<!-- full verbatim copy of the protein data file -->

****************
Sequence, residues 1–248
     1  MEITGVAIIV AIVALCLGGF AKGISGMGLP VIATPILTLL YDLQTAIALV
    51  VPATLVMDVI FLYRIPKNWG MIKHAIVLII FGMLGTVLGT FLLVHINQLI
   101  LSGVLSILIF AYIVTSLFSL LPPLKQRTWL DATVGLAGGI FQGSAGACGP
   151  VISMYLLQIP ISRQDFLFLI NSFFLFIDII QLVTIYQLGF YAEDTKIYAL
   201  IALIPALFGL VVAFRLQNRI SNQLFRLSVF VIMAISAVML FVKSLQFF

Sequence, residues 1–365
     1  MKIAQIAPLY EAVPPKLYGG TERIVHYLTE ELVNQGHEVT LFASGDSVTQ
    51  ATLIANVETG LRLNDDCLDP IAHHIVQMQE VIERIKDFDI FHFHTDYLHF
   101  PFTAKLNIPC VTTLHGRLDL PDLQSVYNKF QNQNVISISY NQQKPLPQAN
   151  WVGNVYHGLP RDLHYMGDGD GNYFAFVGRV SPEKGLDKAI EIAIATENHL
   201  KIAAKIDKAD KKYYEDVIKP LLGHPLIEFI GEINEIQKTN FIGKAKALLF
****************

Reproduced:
Sequence, residues 1–248
     1  MEITGVAIIV AIVALCLGGF AKGISGMGLP VIATPILTLL YDLQTAIALV
    51  VPATLVMDVI FLYRIPKNWG MIKHAIVLII FGMLGTVLGT FLLVHINQLI
   101  LSGVLSILIF AYIVTSLFSL LPPLKQRTWL DATVGLAGGI FQGSAGACGP
   151  VISMYLLQIP ISRQDFLFLI NSFFLFIDII QLVTIYQLGF YAEDTKIYAL
   201  IALIPALFGL VVAFRLQNRI SNQLFRLSVF VIMAISAVML FVKSLQFF

Sequence, residues 1–365
     1  MKIAQIAPLY EAVPPKLYGG TERIVHYLTE ELVNQGHEVT LFASGDSVTQ
    51  ATLIANVETG LRLNDDCLDP IAHHIVQMQE VIERIKDFDI FHFHTDYLHF
   101  PFTAKLNIPC VTTLHGRLDL PDLQSVYNKF QNQNVISISY NQQKPLPQAN
   151  WVGNVYHGLP RDLHYMGDGD GNYFAFVGRV SPEKGLDKAI EIAIATENHL
   201  KIAAKIDKAD KKYYEDVIKP LLGHPLIEFI GEINEIQKTN FIGKAKALLF